Forbes Slams Bloggers, Om Doesn’t Like It

    If you haven’t read Terry Heaton’s response to a recent Ad Age story slamming bloggers for wasting the time of America’s workforce, read it. Same goes for Om Malik’s broadsides attack on his former employer Forbes over the bidness magazine’s…

  6. The Power Of The Schwartz Friday, October 28, 2005

    Daniel Lyons Suggests Harassing ISPs To Fight Back Against Blogs

    … he advocates complaining to their ISPs about copyright violations, subpoenaing the ISPs to get information about bloggers, and even threatening to sue the ISPs even though he points out that the host isn’t liable for content posted on its systems….

  7. mathewingram.com/work » Blog Archive » Revenge of the blog-o-sphere Friday, October 28, 2005

    [...] If Forbes magazine was looking for some attention from the Internet, they certainly got what they were asking for. Unfortunately, it isn’t coming because of some fine-quality, well-written journalism, but because of what bloggers are taking as a drive-by-shooting style rant about how bloggers are dirty, rotten, lying scumbags. The piece by Daniel Lyons is more or less about a battle between one man whose company and stock were hammered by a blogger who pretended to be someone else, but along the way Lyons casts some aspersions against bloggers as a whole. Reaction (not surprisingly) has come from far and wide, including Dan Gillmor at Bayosphere, Steve Rubel at MicroPersuasion, the guys over at We Break Stuff and Paul Kedrosky at Infectious Greed. Is it a deliberate attempt by Forbes to get some coverage in the blog-o-sphere — even if it’s negative? Perhaps. Or it could just be that publisher Malcolm Forbes got a bee in his bonnet about blogs for some reason. Meanwhile, Chris Pirillo notes sarcastically that magazines also suffer from some of the same problems. But Om Malik (who used to work for the magazine before he moved to Business 2.0, says he is reserving judgment for the moment. [...]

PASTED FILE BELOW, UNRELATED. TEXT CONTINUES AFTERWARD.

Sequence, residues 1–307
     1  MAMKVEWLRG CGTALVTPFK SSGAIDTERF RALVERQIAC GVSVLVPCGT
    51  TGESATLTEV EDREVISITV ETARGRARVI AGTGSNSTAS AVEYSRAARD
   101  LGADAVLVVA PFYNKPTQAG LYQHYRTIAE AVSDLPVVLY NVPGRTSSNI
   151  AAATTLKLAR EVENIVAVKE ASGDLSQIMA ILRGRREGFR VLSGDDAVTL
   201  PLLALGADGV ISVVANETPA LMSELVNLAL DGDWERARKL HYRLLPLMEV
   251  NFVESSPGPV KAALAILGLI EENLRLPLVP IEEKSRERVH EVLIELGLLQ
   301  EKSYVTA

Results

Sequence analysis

8. I will be posting a podcast from Daniel’s boss Steve Forbes (his first podcast) on Monday on PodTech.net where Steve actually supports podcasting and blogs as the revolution that has changed and will change the economics of the world and of course it will be bloggers that will enact the flat tax :-)

  9. Ross Mayfield Friday, October 28, 2005

    Here’s the old media’s new business model. Attack, gain attention, profit form attention, rinse, denial, lather and repeat.

  10. Laughing Squid » Forbes Flogs Blogs Saturday, October 29, 2005

    [...] Want to get a bunch of coverage from bloggers while pissing them off at the same time? Just publish a cover story trashing blogs, calling bloggers “lynch mobs” and providing information on how to “fight back”. More on this from Doc Searls, Xeni Jardin at Boing Boing, Dan Gillmor, Om Malik and Steve Rubel. Web logs are the prized platform of an online lynch mob spouting liberty but spewing lies, libel and invective. Their potent alliles in this pursuit include Google and Yahoo. [...]